Elisabeth Lloyd
Indiana University, Bloomington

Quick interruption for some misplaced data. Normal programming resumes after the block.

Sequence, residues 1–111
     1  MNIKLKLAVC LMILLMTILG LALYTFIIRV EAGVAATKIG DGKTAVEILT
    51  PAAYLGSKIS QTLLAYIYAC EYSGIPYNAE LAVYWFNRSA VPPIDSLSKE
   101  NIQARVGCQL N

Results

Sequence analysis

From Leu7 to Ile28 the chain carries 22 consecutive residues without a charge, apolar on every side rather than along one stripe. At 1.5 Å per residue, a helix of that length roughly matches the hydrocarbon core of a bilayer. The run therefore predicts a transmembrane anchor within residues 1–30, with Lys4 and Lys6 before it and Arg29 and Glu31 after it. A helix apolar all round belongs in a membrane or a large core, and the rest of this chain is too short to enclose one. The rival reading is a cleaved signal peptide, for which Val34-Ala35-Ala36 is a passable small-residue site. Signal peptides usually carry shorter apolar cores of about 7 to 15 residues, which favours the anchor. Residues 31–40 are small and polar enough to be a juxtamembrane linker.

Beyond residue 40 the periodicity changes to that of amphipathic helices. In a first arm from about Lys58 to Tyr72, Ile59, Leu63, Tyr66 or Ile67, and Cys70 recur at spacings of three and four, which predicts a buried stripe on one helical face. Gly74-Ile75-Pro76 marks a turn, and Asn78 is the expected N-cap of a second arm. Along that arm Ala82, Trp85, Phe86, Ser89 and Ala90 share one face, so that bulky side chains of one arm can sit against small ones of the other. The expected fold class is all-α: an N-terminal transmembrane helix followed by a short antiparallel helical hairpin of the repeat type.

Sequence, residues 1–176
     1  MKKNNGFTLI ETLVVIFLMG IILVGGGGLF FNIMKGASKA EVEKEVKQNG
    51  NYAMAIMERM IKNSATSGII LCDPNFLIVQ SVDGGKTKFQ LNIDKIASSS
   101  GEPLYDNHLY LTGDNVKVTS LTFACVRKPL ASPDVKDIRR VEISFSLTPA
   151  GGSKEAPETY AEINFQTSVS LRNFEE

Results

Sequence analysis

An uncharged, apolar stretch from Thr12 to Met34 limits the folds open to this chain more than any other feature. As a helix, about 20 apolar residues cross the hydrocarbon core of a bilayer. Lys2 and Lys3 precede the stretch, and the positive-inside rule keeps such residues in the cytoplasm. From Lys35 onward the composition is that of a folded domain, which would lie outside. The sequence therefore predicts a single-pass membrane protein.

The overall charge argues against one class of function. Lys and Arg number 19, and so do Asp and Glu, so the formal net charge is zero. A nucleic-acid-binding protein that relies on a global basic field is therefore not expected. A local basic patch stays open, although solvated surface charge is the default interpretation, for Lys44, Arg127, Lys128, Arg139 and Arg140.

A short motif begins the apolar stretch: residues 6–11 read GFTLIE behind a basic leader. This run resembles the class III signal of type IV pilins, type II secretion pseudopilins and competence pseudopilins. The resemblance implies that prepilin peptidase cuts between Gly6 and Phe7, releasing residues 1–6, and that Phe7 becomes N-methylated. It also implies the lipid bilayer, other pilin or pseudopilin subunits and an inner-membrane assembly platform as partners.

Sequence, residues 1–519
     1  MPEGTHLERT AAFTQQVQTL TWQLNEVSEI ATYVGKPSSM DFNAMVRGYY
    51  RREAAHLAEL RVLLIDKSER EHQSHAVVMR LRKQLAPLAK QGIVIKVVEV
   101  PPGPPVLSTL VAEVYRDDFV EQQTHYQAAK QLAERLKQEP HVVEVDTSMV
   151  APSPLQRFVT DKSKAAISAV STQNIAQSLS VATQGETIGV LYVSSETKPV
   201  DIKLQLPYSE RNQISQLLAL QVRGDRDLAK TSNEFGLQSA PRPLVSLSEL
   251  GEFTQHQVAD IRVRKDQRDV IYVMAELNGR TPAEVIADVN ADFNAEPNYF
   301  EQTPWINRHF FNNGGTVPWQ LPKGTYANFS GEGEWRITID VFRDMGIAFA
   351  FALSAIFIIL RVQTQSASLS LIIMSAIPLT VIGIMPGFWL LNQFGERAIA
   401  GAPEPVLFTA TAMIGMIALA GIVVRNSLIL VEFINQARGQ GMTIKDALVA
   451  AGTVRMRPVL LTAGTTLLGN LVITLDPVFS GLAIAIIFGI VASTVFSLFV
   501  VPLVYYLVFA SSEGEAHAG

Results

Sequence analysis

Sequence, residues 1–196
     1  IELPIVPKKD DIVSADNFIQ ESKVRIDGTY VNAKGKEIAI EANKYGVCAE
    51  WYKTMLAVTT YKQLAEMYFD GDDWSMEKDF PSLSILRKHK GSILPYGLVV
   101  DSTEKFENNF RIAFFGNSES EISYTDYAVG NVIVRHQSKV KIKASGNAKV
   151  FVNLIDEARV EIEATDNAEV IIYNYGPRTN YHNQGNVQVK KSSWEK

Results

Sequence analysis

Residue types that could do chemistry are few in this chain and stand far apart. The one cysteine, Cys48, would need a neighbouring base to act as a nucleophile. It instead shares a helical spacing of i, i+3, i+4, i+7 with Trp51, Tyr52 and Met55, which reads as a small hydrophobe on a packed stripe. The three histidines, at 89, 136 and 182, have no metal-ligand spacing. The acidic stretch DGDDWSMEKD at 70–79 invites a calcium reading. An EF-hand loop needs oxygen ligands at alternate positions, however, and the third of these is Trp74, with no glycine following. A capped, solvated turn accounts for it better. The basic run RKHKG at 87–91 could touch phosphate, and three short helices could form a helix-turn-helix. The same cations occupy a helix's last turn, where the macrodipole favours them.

Two major clarifications have greatly abetted the understanding and fruitful expansion of the theory of natural selection in recent years: the acknowledgment that interactors, not replicators, constitute the causal unit of selection; and the recognition that interactors are Darwinian individuals, and that such individuals exist with potency at several levels of organization (genes, organisms, demes, and species in particular), thus engendering a rich hierarchical theory of selection in contrast with Darwin’s own emphasis on the organismic level. But a piece of the argument has been missing, and individuals at levels distinct from organisms have been denied potency (although granted existence within the undeniable logic of the theory), because they do not achieve individuality with the same devices used by organisms and therefore seem weak by comparison. We show here that different features define Darwinian individuality across scales of size and time. In particular, species-individuals may develop few emergent features as direct adaptations. The interactor approach works with emergent fitnesses, not with emergent features; and species, as a consequence of their different mechanism for achieving individuality (reproductive exclusivity among subparts, that is, among organisms), express many effects from other levels. Organisms, by contrast, suppress upwardly cascading effects, because the organismic style of individuality (by functional integration of subparts) does not permit much competition or differential reproduction of parts from within. Species do not suppress the operation of lower levels; such effects therefore become available as exaptations conferring emergent fitness—a primary source of the different strength that species achieve as effective Darwinian individuals in evolution.
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